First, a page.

Poison Penmanship: The Gentle Art of Muckraking

Poison Penmanship: The Gentle Art of Muckraking


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Jessica Mitford was a member of one of England’s most legendary families (among her sisters were the novelist Nancy Mitford and the current Duchess of Devonshire) and one of the great muckraking journalists of modern times. Leaving England for America, she pursued a career as an investigative reporter and unrepentant gadfly, publicizing not only the misdeeds of, most famously, the funeral business (The American Way of Death, a bestseller) and the prison business (Kind and Usual Punishment), but also of writing schools and weight-loss programs. Mitford’s diligence, unfailing skepticism, and acid pen made her one of the great chroniclers of the mischief people get up to in the pursuit of profit and the name of good. Poison Penmanship collects seventeen of Mitford’s finest pieces—about everything from crummy spas to network-TV censorship—and fills them out with the story of how she got the scoop and, no less fascinating, how the story developed after publication. The book is a delight to read: few journalists have ever been as funny as Mitford, or as gifted at getting around in those dark, cobwebbed corners where modern America fashions its shiny promises. It’s also an unequaled and necessary manual of the fine art of investigative reporting.

Product Details

ISBN-13: 9781590173558
Publisher: New York Review Books
Publication date: 09/07/2010
Series: NYRB Classics Series
Pages: 288
Sales rank: 641,628
Product dimensions: 5.10(w) x 7.90(h) x 1.00(d)

About the Author

Jessica Mitford (1917–1996) was the daughter of Lord and Lady Redesdale, and she and her five sisters and one brother grew up in isolation on their parents’ Cotswold estate. Rebelling against her family’s hidebound conservatism, Mitford became an outspoken socialist and, with her second cousin and husband-to-be Esmond Romilly, ran away to fight against Franco in the Spanish Civil War. Romilly was killed in World War II, and Mitford moved to America, where she married the lawyer and political activist Robert Treuhaft. A brilliant muckraking journalist, Mitford was the author of, among other works, a memoir of her youth, Hons and Rebels (also published as an NYRB Classic); a study of the funeral industry, The American Way of Death; and Kind and Unusual Punishment: The Prison Business. She died at the age of seventy-eight while working on a follow-up to The American Way of Death, for which, with characteristic humor, she proposed the title “Death Warmed Over.” 

Jane Smiley, winner of the 1992 Pulitzer Prize for Fiction, is the author of many novels and other works. In 2010 she published Private Life, a novel; A Good Horse, a book for young adults; and The Man Who Invented the Computer, the first volume of the Sloane American Inventors series.

Table of Contents

Preface vii

Introduction 3

Trial by Headline 28

Comment 40

St. Peter, Don't You Call Me 43

Comment 50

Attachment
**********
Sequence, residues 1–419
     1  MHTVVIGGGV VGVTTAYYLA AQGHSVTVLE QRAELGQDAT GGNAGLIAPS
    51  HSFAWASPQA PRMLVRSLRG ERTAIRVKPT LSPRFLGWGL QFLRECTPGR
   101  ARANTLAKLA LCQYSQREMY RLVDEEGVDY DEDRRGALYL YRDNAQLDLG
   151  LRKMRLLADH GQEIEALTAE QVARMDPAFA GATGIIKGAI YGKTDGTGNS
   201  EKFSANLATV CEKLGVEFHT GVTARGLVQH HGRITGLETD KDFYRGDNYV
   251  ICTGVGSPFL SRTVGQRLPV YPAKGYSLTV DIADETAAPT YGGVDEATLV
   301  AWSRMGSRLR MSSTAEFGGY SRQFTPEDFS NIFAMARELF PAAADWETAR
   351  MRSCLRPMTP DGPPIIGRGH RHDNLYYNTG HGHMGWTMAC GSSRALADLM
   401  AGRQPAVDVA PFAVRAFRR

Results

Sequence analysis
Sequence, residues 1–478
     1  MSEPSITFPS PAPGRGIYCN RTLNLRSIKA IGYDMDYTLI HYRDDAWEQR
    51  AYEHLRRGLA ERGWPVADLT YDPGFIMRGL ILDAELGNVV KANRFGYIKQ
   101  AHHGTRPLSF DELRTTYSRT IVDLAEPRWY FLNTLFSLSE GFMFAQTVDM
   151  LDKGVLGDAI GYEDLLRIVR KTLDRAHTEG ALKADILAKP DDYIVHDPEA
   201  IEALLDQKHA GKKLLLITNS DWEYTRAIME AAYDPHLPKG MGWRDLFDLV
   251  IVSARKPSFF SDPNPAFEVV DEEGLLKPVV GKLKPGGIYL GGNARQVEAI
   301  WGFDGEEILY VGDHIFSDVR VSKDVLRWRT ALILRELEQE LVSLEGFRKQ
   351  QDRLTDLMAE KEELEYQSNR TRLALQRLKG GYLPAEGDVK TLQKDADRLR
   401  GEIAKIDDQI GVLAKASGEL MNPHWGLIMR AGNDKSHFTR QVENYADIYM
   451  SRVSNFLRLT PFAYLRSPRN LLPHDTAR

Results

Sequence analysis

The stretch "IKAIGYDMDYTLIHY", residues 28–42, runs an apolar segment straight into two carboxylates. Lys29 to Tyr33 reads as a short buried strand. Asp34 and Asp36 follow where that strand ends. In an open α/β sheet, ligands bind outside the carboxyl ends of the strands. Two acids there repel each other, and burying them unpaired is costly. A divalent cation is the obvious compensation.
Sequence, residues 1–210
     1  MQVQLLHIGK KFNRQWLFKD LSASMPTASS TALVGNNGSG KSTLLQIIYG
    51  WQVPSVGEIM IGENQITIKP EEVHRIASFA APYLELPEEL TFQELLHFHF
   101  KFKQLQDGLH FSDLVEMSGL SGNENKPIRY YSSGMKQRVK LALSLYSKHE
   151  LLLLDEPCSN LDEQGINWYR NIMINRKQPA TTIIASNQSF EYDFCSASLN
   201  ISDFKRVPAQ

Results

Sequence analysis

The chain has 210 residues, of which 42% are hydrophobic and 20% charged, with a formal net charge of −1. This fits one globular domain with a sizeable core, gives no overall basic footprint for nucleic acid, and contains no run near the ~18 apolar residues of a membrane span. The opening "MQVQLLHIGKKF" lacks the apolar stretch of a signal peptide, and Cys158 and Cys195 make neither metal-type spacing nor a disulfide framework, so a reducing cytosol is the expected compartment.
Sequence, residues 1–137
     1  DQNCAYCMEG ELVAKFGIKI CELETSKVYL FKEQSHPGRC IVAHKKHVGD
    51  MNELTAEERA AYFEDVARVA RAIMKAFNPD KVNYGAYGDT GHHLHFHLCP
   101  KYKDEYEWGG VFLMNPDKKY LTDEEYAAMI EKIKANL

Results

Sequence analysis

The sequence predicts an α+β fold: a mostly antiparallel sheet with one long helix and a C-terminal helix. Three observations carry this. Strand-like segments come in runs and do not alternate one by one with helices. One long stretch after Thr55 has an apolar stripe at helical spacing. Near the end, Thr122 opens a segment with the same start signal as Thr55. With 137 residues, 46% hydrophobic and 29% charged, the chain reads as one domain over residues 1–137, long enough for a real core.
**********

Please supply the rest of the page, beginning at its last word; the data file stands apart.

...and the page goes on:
Proceed with Caution 53

Comment 57

You-All and Non-You-All 60

Comment 76

Americans Don't Want Fancy Funerals 79

My Way of Life Since The American Way of Death 89

"Something to Offend Everyone" 93

Comment On Three Funeral Pieces 103

Don't Call It Syphilis 108

Comment 124

Maine Chance Diary 128

Comment 145

Let Us Now Appraise Famous Writers 148

Comment 170

A Talk with George Jackson 182

Comment 190

My Short and Happy Life as a Distinguished Professor 192

Comment 214

The Best of Frenemies 217

Comment 220

Checks and Balances at the Sign of the Dove 222

The Dove Strikes Back 225

Comment On Two "Dove" Pieces 230

Waiting for O'Hara 234

Comment 244

Egyptomania 246

Comment 271

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Poison Penmanship: The Gentle Art of Muckraking 4 out of 5 based on 0 ratings. 1 reviews.
NewsieQ on LibraryThing More than 1 year ago
Jessica Mitford (1917-1996) was born in England, but made her mark as a modern-day muckraker in America. Poison Penmanship is a delightful anthology of some of her essays. She was relentless in pursuit of wrong-doers, a self-educated woman who never really attended school, and the author of The American Way of Death (1963). That is the book she is best known for, but her shorter-form works are equally intriguing. That book revolutionized the funeral industry and made her a pariah with morticians. In Poison Penmanship (reprinted 2010), Ms. Mitford relates her encounters with the Famous Writers¿ school, the American south, a spa/fat farm, her stint teaching at San Jose State University (and much, much more). Each essay is followed by her commentary. I enjoyed every one of the essays, with the exception of the last, on Egyptology, which I began in earnest but finished by skimming. In her comments, she admits it is an article she didn¿t have her heart in, and includes it as ¿one that got away.¿ Maybe that what I caught wind of. Although I had heard the name Jessica Mitford, I didn¿t know anything about her. That will soon be remedied when I receive a copy of a well-reviewed 2010 biography, Irrepressible by Leslie Brody. It seems she comes from a family of oddballs and eccentrics, including her sisters -- who may define both categories.